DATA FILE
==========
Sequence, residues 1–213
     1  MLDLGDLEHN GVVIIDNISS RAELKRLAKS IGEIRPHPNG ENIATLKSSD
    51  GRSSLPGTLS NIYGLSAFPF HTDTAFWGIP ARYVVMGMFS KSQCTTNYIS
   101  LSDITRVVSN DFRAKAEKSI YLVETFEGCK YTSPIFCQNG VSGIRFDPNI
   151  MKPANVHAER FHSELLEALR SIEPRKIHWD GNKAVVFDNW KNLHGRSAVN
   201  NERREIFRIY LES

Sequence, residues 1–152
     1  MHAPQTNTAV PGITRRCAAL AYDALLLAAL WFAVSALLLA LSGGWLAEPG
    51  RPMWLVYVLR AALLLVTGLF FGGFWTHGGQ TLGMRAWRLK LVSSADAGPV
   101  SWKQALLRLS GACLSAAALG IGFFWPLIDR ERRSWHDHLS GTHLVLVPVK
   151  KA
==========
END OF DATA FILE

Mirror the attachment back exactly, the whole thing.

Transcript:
Sequence, residues 1–213
     1  MLDLGDLEHN GVVIIDNISS RAELKRLAKS IGEIRPHPNG ENIATLKSSD
    51  GRSSLPGTLS NIYGLSAFPF HTDTAFWGIP ARYVVMGMFS KSQCTTNYIS
   101  LSDITRVVSN DFRAKAEKSI YLVETFEGCK YTSPIFCQNG VSGIRFDPNI
   151  MKPANVHAER FHSELLEALR SIEPRKIHWD GNKAVVFDNW KNLHGRSAVN
   201  NERREIFRIY LES

Sequence, residues 1–152
     1  MHAPQTNTAV PGITRRCAAL AYDALLLAAL WFAVSALLLA LSGGWLAEPG
    51  RPMWLVYVLR AALLLVTGLF FGGFWTHGGQ TLGMRAWRLK LVSSADAGPV
   101  SWKQALLRLS GACLSAAALG IGFFWPLIDR ERRSWHDHLS GTHLVLVPVK
   151  KA